Bosnia, a country of less than four million, is a cauldron of religious and sectarian feelings on a par with Syria and Lebanon. Ferry Biedermann reports from Sarajevo
'We have a different kind of Islam,' say Bosnia's Muslims
SARAJEVO // Sarajevo's many minarets have been meticulously restored in the almost 20 years since Bosnia's devastating war and new ones that have been built are predominantly in the modern Turkish style topped with conical grey roofs.
Foreign interest in Bosnia's once beleaguered Muslim community is evident all around. Saudi Arabia built the largest mosque and Islamic centre in the Balkans in Sarajevo and is helping to fund the new university library. Countries such as Qatar, Kuwait and the UAE have all provided aid and investments.
But attention from Turkey and Arabian Gulf countries has waned since the immediate aftermath of the war.
Despite the signs of the ties that bind Bosnia to Turkey and the wider Muslim world, this Balkan country is firmly rooted in Europe and has outspoken ambitions to join the European Union, ambitions that are thrown into sharp relief today by the accession of neighbouring Croatia.
"We are Muslims but we feel we are different Muslims, not like in Turkey and Egypt, for example. We are European," said Alida Vracic, director of Sarajevo-based think tank Populari.
She voiced the frustration felt by many Bosnians over the political divisions that still plague the country and that block progress towards EU accession.
The paralysis is so bad that last month the frustration boiled over into protests, when thousands marched to demand an end to the crisis over the registration of babies.
Because of persistent political divisions along sectarian Muslim-Christian lines, the law on passports and IDs lapsed in February and parents cannot obtain the papers for their babies, impeding such things as travel and medical treatment.
Bosnia, a country of less than four million, is a cauldron of religious and sectarian feelings on a par with Syria and Lebanon.
The CIA World Factbook put the population ratio in 2000 at roughly 48 per cent Bosniak, 37 per cent Serb and 14 per cent Croat. During the civil war that accompanied the break-up of the former Yugoslavia, its two main Christian groups, Croatian Catholic and Serb Orthodox, first ganged up on the mainly Muslim Bosniaks, before the Croatians sided with them against the Serbs.
The outcome, imposed by the United States at the 1995 Dayton talks and backed by the force of Nato fighter-bombers, is an unruly hodgepodge of a state where old animosities are never far beneath the surface and where leaders on all sides seem mainly out to sabotage each other.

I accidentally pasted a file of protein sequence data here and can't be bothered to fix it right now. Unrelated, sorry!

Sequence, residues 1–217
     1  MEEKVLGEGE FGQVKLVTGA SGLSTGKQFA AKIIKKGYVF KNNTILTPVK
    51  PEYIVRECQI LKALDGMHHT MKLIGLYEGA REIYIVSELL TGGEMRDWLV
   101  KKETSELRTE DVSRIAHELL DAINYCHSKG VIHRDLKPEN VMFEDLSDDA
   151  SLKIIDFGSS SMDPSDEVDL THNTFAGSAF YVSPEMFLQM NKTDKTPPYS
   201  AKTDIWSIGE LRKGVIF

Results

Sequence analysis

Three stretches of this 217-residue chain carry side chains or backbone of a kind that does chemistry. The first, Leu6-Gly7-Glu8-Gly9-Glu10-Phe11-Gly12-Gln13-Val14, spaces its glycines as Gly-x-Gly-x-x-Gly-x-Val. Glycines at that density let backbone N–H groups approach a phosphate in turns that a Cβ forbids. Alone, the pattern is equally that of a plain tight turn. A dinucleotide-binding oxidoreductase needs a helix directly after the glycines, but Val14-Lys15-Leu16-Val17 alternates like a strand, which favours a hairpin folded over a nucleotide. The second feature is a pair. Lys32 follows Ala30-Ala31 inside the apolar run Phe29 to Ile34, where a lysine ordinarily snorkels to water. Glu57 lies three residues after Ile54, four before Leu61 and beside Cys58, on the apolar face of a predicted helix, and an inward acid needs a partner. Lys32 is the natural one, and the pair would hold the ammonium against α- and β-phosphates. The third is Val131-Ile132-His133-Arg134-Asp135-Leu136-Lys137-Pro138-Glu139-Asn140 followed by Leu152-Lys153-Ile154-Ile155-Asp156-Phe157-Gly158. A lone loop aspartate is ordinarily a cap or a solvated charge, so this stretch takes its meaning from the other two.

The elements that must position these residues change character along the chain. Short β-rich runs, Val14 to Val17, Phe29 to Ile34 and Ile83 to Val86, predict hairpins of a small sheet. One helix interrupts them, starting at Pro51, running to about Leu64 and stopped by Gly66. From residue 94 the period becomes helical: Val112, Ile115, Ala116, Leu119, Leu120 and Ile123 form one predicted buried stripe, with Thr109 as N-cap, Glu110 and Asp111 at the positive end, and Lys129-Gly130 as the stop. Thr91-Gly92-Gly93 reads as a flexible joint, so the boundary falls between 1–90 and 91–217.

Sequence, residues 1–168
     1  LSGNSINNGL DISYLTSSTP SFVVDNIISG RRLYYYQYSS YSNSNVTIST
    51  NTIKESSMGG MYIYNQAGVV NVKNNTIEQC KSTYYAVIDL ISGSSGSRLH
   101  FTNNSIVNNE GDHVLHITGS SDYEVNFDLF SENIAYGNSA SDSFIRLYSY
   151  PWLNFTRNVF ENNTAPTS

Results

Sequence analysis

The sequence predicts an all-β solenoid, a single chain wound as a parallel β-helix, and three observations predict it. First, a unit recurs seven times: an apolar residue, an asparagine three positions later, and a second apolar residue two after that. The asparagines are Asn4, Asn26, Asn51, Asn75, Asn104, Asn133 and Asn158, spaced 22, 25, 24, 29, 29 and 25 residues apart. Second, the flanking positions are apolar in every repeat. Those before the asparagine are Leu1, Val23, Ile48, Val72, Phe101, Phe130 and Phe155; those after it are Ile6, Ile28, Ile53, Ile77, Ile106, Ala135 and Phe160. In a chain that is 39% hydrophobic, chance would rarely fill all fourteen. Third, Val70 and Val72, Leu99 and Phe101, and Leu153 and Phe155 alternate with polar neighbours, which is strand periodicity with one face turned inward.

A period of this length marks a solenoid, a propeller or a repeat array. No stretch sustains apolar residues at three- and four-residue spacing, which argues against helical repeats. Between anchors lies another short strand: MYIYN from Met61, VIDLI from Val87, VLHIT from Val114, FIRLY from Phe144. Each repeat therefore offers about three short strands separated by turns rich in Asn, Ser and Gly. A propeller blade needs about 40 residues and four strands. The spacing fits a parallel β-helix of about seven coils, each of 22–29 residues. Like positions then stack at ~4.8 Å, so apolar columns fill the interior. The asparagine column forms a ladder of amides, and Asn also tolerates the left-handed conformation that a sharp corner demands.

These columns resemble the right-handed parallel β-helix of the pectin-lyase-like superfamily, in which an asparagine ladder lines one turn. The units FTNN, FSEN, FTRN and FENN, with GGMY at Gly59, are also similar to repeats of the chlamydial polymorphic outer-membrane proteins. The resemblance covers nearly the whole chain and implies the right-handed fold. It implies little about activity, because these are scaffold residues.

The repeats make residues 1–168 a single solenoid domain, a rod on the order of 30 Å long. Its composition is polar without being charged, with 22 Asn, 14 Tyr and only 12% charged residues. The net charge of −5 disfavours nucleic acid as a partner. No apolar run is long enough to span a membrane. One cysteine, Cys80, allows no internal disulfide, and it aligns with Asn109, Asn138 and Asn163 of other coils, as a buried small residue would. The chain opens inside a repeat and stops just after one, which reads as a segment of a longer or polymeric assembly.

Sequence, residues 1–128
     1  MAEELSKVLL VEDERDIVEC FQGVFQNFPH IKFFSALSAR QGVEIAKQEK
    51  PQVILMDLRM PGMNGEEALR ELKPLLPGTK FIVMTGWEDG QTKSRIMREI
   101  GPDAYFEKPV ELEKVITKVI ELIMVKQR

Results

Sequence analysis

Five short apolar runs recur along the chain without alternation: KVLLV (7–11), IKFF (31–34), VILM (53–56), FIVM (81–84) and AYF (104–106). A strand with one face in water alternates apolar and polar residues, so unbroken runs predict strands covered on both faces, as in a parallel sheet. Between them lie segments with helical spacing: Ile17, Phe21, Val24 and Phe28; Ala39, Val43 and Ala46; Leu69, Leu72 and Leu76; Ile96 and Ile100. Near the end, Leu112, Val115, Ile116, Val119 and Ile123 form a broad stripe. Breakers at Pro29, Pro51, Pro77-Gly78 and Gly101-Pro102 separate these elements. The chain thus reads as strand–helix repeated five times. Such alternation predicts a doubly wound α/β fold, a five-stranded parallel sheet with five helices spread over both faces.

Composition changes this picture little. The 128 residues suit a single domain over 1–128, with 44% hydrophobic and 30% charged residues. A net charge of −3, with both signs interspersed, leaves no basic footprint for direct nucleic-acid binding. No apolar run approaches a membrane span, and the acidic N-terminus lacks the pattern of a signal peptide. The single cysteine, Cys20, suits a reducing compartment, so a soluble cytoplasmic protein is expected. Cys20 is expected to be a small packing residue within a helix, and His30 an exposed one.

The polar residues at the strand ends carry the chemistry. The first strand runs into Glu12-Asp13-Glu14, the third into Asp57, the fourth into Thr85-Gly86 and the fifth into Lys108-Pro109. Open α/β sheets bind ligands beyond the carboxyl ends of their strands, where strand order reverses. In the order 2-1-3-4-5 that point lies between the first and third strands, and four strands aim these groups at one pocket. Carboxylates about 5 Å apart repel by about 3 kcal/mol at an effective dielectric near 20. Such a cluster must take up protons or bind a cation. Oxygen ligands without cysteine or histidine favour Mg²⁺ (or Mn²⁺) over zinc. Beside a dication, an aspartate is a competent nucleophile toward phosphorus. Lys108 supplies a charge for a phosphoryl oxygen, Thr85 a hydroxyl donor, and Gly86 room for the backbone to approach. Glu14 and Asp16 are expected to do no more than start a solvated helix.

The Republic of Bosnia and Herzegovina, as it is officially known, is divided into two largely autonomous parts. The Bosniaks are united with the Bosnian Croats in the Federation of Bosnia and Herzegovina, while the Serbs rule the part they took over during the war, called the Republika Srpska.
On the federal level, the country has a three-member presidium and a bicameral parliament.
At the Turkish cultural centre - tellingly located in the heart of Sarajevo right next to the Bosniak cultural centre - the director of the Bosniak Institute, Akay Ceylani, shakes his head. He is well aware that his country has very close historical ties with Bosnia but knows that Turkish business is less than enthusiastic about the country. "Many people and companies come but they don't stay long, because the political situation is stuck," he said.
When Turkey's foreign ministry set up its new cultural centres outside the country, the first one was established in Sarajevo, in 2009. Turkey is a role model for many Bosnians because of its solid economic performance, said Mr Ceylani.
"Many people who study Turkish would like to have a relationship with Turkey, go work there or work in a Turkish company here," he said.
Bosnia's relationship with the rest of the Muslim world is more ambiguous: many Bosniaks have voiced interest in closer ties, some have expressed that they are not well enough informed on the Arab world and others have tended to be more cautious, noting a cultural divide.
In the shadow of the hulking King Fahd Bin AbdulAziz Alsaud mosque in the Alipasino Polje neighbourhood of Sarajevo, 27-year-old law student Sead Kerenovic and his friends, all Bosnian Muslims, ignore the call to Friday prayer. They have mixed feelings about the presence of the large building with its adjacent cultural centre.
"We belong to Europe and we have a different kind of Islam," said Mr Kerenovic.
He and his friends have appreciated that the Saudi centre has offered free courses in IT, English and Arabic, but ultimately they believe that Bosnia has little in common with the Arab world.
"Turkey is closer to us. And we want to be in the EU," said one. They said they rue the political paralysis that is for now frustrating that ambition.
The same divisions that hamper EU accession have also clouded the business climate. Turkey invested more in other Balkan countries, for example, despite a strong belief in Bosnia that it is the main recipient of Turkish investment and aid.
According to OECD figures, Turkey was the ninth largest donor of aid to Bosnia in 2010-11, giving US$23 million (Dh84.5m).
Ms Vracic of the Poulari think tank said the perception comes from "sentiments that are understandable in light of the past but much of it is just not realistic on the ground".
"Turkey simply does not invest as much in Bosnia as many other countries," she said.
However, Turkish tourists and students, among them many women dressed in long coats and headscarves, are a common sight on the streets of the Bosnian capital and in tourist destinations such as the nearby historical city of Mostar.